27. Thanks for coming by, Kirsten. HORSES is a fun story, but also has some scary parts (as far as the horse is concerned, anyway). One thing I think surprises a lot of readers is how prominent a part Thomas plays, which is a build-up to his book, up next. Hopefully you’ll win a copy so you can see for yourself.

  28. Hi Britney, glad you came by. And you’re right about horses. They’re special creations. Good luck winning a book.

  29. I enjoy horses, but don’t think I would ever own one- I feel like I don’t know enough about their care and would feel horrible if one died on me because of my shortcomings! My cousin owns a few and we go riding sometimes… that’s how I get my fix 🙂

  30. Hello, Heidi, thanks for coming by. Owning a horse is a HUGE responsibility and commitment. If you can get your “fix” without the time and expense of owning one, go for it. That’s the best of both worlds.

  31. Horses are beautiful creatures. I love the Black Stallion and show horses especially when they prance. I had my picture taken on a pony when I was around 3 or 4. Was a bit afraid but stayed on long enough for the picture. Thanks for sharing this post and lots of luck to all!

  32. I was fortunate to grow up with horses – Quarter horses, Tennessee Walking horses and simply backyard mixes, and was riding in front of my mom on show horses before I was walking.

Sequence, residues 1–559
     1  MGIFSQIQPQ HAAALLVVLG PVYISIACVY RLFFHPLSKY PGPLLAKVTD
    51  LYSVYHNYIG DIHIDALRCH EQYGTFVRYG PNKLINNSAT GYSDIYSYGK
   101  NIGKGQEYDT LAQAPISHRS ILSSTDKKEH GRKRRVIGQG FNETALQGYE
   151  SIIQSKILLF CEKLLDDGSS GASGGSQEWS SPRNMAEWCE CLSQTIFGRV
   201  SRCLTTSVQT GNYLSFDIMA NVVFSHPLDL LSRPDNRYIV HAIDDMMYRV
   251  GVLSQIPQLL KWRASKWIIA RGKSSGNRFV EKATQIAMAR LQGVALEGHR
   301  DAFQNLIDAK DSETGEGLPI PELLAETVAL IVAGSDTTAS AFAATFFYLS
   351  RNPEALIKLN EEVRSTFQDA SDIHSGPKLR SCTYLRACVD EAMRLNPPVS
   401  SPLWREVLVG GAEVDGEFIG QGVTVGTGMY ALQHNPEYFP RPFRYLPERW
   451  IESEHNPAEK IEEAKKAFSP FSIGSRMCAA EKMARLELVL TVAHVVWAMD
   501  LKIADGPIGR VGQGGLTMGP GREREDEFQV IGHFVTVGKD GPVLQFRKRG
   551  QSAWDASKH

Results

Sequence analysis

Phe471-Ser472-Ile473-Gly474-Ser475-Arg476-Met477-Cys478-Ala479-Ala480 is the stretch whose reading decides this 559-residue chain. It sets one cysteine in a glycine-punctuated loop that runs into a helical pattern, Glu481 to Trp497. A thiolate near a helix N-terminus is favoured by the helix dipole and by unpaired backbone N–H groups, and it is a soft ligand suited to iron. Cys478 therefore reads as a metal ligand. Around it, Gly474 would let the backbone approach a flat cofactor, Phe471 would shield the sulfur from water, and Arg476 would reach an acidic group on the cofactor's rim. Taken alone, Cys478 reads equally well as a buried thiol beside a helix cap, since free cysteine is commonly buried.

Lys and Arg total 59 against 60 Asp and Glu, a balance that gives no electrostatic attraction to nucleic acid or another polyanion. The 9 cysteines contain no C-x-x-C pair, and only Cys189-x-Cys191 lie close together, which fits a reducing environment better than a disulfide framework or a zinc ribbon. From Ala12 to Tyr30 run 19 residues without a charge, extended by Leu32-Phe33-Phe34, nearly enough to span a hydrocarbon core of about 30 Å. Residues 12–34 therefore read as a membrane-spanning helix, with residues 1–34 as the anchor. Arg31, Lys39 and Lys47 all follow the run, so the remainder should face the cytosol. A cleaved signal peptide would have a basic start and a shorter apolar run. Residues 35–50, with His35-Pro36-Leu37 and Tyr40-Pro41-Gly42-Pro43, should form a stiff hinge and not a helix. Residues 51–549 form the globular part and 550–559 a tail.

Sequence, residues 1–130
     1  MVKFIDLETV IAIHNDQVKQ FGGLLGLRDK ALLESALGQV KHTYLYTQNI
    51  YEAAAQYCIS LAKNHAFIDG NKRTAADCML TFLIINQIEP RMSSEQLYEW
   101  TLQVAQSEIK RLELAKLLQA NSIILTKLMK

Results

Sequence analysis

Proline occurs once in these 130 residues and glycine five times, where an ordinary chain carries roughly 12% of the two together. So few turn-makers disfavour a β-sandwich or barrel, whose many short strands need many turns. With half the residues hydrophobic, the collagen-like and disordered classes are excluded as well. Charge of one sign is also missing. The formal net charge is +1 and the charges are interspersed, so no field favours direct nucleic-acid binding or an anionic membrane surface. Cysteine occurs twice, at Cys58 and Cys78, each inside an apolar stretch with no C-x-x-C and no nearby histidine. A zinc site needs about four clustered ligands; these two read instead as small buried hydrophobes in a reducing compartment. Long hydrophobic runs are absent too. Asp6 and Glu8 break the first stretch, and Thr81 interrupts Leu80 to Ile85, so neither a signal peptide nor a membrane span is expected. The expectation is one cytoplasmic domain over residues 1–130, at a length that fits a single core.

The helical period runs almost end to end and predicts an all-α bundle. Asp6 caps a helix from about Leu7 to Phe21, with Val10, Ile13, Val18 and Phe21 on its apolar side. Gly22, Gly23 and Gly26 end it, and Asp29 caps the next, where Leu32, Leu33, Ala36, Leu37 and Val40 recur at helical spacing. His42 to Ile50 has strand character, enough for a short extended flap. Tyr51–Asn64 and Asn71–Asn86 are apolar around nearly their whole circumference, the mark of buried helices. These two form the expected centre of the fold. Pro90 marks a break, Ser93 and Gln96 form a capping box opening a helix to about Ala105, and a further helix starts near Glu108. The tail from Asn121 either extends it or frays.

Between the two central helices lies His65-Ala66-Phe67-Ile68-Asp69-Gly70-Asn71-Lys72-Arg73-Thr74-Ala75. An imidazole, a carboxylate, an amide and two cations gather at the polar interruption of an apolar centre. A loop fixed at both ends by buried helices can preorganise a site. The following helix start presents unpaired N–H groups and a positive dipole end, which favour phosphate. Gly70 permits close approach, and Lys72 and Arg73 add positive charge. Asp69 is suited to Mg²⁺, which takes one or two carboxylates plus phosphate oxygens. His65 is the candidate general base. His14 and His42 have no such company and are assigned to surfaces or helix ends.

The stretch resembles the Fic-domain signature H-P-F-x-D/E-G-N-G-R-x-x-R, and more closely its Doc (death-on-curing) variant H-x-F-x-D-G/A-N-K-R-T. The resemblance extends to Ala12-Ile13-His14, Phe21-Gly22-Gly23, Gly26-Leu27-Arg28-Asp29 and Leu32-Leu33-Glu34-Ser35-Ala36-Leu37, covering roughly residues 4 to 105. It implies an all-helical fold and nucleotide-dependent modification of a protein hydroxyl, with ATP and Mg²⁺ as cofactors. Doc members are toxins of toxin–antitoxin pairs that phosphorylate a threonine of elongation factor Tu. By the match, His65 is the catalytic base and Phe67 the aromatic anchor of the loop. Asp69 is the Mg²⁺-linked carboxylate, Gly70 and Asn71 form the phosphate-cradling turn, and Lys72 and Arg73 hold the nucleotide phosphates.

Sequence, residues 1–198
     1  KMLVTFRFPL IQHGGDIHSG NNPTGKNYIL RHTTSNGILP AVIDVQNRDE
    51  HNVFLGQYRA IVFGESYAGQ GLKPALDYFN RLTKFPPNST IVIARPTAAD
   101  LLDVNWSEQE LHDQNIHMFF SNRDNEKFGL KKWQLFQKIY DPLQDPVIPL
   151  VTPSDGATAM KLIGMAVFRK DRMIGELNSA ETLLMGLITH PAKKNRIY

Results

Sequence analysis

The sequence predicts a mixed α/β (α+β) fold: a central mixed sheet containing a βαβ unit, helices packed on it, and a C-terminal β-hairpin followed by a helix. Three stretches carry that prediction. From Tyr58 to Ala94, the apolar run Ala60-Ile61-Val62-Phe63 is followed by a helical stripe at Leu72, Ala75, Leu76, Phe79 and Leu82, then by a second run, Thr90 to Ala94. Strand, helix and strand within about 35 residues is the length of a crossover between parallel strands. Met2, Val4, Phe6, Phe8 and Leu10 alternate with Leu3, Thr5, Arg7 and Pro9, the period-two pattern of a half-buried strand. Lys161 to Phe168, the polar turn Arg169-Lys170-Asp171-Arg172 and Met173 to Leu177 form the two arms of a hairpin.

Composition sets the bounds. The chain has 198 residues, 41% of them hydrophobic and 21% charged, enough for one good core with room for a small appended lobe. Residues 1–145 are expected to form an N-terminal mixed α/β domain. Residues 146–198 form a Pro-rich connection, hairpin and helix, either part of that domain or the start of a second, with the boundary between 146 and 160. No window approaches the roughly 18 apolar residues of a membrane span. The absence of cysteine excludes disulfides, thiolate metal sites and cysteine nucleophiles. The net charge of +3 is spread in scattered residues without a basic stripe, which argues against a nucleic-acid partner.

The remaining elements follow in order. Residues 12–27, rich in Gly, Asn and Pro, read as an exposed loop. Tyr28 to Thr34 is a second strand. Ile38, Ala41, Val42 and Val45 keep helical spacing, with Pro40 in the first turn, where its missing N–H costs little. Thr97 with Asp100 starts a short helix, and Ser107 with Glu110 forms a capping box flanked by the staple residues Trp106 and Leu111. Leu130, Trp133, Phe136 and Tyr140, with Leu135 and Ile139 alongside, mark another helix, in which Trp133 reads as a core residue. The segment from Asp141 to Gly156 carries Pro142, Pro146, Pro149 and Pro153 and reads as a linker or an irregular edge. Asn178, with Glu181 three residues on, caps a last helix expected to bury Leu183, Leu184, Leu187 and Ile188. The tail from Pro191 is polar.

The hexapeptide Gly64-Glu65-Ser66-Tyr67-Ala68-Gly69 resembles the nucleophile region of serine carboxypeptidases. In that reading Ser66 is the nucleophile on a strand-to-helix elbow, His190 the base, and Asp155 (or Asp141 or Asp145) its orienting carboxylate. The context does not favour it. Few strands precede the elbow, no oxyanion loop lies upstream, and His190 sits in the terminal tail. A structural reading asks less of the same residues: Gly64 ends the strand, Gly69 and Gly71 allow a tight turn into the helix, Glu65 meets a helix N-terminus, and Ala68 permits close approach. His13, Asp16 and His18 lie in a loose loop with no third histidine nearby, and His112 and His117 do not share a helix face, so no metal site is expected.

After going away to college, then later getting married and moving to a new city with no space for my beloved horses, we finally sold my last horse to a family with 3 children whom he met each day at their bus stop – they formed the rest of his little herd!

    As an adult, I’ve had the pleasure of trail riding with a friend on her Arabians, and found them to truly be people in equine bodies. My frequent mounts would turn herself nearly inside out to avoid a simple mud puddle while jumping into a river with abandon – go figure!

    Congrats on the new release and thanks for the contest!

  33. I never liked horses –the first time I rode, I got thrown so there is no love lost. But one year, I rented a mobile home on an Arabian horse farm. My goodness those horses were beautiful! When I had time off, I used to stare transfixed as they played and ‘fought’ in the paddock in the sunshine. Never got any cleaning done. And the stallion! He was magnificent! When they took him out of stall, the looked around the stable as if to say : “Okay, who do you want me to f#ck today? Where is the lucky lady?” He was so dangerous he only was allowed out if there was several strong men to control him. All in all, it was a life changing experience, but I still don’t want to ride them, now out of respect.

  34. I like horses, have never ridden one but am learning, my 2 friends have horses and they take in abused ones and try to sell them. I help clean stalls and they have a farm that have room for m sheep and goats, they taught me how to make goat cheese and she used the wool from my sheep to make hats for babies at the local hospital and a few blankets! I’d love to win this book, love your stories!